A firewall is a device or service that acts as a gatekeeper, deciding what enters and exits the network. They use a set of defined rules to allow or block traffic. A firewall can be hardware, software, or both.
A virtual private network encrypts the connection from an endpoint to a network, often over the Internet. This way it authenticates the communication between a device and a secure network, creating a secure, encrypted “tunnel” across the open internet.
You should know what normal network behavior looks like so that you can spot anomalies or network breaches as they happen. Behavioral analytics tools automatically identify activities that deviate from the norm.
Wireless networks are not as secure as wired ones. Cybercriminals are increasingly targeting mobile devices and apps. So, you need to control which devices can access your network.
These systems scan network traffic to identify and block attacks, often by correlating network activity signatures with databases of known attack techniques.
So, these are some ways of implementing network security. Apart from these, you’ll need a variety of software and hardware tools in your toolkit to ensure network security, those are:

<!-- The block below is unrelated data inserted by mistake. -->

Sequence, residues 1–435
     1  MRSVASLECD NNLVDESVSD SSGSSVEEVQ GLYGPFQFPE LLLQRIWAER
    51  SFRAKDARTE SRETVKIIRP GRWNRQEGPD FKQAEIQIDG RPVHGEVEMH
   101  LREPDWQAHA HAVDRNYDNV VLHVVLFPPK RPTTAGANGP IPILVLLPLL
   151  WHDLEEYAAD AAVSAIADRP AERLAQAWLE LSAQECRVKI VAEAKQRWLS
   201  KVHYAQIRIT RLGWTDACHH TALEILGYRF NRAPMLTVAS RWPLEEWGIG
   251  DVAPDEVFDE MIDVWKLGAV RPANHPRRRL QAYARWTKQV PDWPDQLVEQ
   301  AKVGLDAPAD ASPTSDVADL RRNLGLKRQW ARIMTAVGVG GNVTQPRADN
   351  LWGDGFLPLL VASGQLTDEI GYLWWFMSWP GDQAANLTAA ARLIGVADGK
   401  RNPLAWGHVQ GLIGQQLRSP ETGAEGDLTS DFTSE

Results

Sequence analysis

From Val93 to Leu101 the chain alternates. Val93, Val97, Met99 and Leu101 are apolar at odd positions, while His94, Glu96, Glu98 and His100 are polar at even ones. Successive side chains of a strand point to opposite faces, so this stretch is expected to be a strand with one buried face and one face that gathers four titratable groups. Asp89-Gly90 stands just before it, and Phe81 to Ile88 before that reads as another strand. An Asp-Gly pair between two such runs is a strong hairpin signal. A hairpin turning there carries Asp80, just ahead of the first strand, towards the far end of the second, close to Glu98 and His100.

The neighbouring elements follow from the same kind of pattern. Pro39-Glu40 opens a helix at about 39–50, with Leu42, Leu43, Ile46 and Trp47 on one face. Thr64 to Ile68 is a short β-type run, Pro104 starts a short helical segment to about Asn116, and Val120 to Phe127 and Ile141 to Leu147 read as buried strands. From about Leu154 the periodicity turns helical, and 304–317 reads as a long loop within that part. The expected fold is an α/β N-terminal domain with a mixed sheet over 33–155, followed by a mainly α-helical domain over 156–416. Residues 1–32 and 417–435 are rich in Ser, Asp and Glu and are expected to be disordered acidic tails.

Network security is essential for overall cybersecurity because network is a significant line of defense against external attack. Given that, virtually all data and applications are connected to the network, robust network security protects against data breaches.
With the widely reported success of popular cyberattacks, like WannaCry and Adylkuzz, companies are paying more than ever to land highly qualified cybersecurity professionals to secure their most vulnerable assets. Network security analyst and network security engineer are listed as two of the highest paid cybersecurity jobs. While network security engineer is more likely to be building out security systems, a network security analyst is more likely to be tasked with scanning the network for plausible vulnerabilities. Both the positions earn an average between $90,000 and $150,000.
If you wish to learn cybersecurity and build a colorful career in cybersecurity, then check out our Cybersecurity Certification Training which comes with instructor-led live training and real-life project experience. This training will help you understand cybersecurity in depth and help you achieve mastery over the subject.